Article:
Have I mentioned that I have a new, favourite neighbourhood in Rome? Yes, I have become a Monti convert. (Above, the twins Castor and Pollux from the Quirinale Hill in Monti.)
Monti is a very old part of Rome (which is saying something in a city so old) and a bit off the tourist path. To my surprise, I found that extremely appealing when I rented an apartment in Monti in June.
A bit of background: I always stay in the Campo de' Fiori area, which is adjacent to the Piazza Navona neighbourhood and therefore, Tourist Central in Rome. Usually, I like this. I think of myself as a traveller, not a tourist (an important distinction) but I admit that popular tourist areas are popular for a reason -- that's often where many of most interesting, appealing sights are.
But I found this year that I really enjoyed being just a bit off the tourist grid. Monti (which was a slum in Ancient Rome) was close enough that I could walk (or take a quick bus ride) to the Pantheon, Piazza Navona and other popular spots. But the June crowds quickly drove me back to the relative quiet of Monti.
Don't get me wrong: Monti is a scene, but a more Roman scene. The shops are mostly local (though there was an American Apparel outlet just around the corner from me. And a faux Irish pub drawing North American students. Sigh.) And there were lots of very small coffee bars, a bustling piazza and not a Blue Ice gelato chain store in sight.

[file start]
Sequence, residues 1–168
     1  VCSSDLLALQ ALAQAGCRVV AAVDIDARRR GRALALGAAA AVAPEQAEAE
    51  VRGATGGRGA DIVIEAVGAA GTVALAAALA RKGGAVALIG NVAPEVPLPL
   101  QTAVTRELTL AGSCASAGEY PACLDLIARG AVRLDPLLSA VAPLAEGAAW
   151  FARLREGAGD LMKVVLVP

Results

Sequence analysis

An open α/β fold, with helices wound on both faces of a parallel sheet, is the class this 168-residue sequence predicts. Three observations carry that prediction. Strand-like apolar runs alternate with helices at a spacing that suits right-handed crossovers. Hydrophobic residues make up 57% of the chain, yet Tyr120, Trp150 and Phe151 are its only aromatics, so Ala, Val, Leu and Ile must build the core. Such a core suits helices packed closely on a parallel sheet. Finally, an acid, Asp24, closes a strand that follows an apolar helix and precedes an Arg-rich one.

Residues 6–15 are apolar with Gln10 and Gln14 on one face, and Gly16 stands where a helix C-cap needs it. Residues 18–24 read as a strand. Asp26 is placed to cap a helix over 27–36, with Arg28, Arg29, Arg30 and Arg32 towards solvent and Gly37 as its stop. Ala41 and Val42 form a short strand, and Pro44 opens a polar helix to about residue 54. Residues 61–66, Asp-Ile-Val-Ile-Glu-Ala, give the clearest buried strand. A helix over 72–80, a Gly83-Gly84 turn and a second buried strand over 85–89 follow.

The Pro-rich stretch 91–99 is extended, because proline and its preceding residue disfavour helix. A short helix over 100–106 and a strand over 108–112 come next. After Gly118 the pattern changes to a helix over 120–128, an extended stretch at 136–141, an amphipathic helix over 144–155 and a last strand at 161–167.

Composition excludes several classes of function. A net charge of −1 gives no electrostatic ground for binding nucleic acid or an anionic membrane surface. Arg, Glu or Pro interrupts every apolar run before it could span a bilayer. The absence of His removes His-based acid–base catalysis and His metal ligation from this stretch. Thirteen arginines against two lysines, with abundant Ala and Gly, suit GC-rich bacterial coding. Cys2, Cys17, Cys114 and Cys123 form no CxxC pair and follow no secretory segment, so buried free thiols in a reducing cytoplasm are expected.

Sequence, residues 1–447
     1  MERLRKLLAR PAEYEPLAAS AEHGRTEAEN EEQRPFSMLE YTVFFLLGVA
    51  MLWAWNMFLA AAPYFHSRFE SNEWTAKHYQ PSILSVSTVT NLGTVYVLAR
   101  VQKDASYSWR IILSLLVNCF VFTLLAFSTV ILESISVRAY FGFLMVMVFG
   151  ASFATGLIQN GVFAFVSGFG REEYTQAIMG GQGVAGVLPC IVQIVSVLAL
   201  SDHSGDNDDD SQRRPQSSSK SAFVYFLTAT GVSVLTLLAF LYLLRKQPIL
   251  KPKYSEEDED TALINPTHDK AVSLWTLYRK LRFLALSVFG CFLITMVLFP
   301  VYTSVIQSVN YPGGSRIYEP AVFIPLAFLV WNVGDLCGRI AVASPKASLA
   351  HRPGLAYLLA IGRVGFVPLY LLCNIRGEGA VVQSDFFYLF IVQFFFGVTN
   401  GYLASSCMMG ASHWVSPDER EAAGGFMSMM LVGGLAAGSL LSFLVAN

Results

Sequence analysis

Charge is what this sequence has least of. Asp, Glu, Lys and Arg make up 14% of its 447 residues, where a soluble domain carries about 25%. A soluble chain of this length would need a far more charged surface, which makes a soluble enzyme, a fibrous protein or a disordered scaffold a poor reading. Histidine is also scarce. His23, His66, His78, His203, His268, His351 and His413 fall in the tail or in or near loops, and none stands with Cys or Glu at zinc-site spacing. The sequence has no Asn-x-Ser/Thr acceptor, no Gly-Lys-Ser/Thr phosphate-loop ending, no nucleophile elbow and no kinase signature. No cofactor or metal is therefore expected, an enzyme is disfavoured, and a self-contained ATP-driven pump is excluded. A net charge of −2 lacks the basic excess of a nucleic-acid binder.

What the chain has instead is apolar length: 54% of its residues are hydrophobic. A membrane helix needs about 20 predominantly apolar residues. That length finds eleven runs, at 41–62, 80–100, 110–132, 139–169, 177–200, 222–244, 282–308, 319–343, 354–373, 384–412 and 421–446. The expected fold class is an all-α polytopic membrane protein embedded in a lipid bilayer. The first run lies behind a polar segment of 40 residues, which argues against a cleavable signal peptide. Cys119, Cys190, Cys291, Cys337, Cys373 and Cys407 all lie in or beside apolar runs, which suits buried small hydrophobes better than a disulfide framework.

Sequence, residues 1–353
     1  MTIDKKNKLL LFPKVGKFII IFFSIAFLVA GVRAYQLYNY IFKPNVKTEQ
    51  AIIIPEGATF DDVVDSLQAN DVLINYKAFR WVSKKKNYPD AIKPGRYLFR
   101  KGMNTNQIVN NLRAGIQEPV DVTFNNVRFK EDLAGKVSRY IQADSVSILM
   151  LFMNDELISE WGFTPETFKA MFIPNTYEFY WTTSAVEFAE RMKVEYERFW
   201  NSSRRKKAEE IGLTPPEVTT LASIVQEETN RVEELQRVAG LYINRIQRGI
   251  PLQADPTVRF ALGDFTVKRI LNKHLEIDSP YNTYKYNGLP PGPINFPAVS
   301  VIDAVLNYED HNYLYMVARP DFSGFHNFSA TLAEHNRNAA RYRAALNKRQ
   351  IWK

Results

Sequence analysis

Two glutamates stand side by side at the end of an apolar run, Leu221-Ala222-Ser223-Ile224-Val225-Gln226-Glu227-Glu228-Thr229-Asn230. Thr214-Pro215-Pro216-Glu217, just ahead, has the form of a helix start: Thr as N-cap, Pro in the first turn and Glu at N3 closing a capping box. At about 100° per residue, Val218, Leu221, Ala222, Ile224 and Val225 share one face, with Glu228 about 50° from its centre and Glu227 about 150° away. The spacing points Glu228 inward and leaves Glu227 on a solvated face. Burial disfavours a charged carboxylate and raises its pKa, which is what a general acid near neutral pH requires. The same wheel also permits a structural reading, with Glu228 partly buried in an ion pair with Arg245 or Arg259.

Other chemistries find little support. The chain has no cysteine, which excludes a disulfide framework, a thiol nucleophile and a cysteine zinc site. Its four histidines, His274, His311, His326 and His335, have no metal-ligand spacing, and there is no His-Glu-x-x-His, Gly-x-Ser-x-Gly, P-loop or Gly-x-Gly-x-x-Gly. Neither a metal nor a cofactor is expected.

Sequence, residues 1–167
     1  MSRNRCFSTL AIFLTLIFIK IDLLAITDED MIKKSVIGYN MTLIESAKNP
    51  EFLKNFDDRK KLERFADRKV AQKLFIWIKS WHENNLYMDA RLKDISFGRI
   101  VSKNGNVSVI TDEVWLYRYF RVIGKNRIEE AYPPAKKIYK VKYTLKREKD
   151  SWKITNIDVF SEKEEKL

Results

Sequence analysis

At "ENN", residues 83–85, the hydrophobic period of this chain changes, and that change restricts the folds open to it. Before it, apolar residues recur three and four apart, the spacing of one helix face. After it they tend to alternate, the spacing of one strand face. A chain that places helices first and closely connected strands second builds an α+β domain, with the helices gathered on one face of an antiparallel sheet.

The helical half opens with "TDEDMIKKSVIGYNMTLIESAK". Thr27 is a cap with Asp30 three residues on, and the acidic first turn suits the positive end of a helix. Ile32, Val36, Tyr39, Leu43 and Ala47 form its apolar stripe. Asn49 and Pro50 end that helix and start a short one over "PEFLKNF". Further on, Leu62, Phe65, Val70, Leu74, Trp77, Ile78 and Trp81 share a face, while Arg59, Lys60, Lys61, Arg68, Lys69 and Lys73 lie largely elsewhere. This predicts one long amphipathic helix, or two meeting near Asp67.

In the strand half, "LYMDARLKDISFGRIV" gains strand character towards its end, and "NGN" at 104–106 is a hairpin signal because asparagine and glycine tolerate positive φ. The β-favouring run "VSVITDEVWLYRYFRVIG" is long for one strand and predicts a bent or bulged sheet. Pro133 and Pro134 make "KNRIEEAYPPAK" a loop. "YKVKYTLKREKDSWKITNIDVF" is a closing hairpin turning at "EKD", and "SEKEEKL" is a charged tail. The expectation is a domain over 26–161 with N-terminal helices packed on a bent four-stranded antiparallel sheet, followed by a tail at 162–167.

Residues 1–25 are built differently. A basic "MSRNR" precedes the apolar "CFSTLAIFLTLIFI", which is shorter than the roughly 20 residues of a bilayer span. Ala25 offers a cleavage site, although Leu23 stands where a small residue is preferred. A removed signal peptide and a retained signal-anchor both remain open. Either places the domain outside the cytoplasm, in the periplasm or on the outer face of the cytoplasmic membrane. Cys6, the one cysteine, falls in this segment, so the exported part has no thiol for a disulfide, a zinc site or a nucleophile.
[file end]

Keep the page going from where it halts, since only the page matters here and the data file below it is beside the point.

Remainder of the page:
BTW, to help you get your bearings: Monti is very roughly bordered on the east by the Colosseum, with Santa Maria Maggiore on its northern border and the Quirinale on the western side.
A feature published in the New York Times recently about Monti described it as “a working-class neighbourhood in the heart of the historic centre, gentrifying around the edges. It is a place where a knife sharpener still makes monthly rounds even as young entrepreneurs are opening artsy bookstore-cafes, vintage clothing shops, organic markets and galleries.”
Alas, I did not see the knife sharpener! But I did find several good restaurants, amazing (and inexpensive) gelato, and great metro access. However, I could not find a forno (next time, I'll look harder) and there weren't enough churches close by the apartment I rented from Dolce Roma to allow me to hear as many church bells as I'd like.
Being in a new (to me) neighbourhood meant interesting sights to discover. I spent more time around the church San Pietro in Vincoli, which was right outside my door; and was surprised to find the Quirinale so close. And so interesting, particularly the Scuderie del Quirinale, which hosts major art exhibitions. Another spot I had visited once before but never got around to revisiting.
I discovered that the Basilica of Santa Maria Maggiore was only a five-minute walk away. (All uphill, of course. Both ways.) I also discovered my new favourite church, Santa Prassade. A true gem chock-a-block with beautiful mosaics.
Much to my surprise, the UPIM department store across from SM Maggiore was really interesting (and even stocked Hello Kitty pantyliners. I have now seen everything.)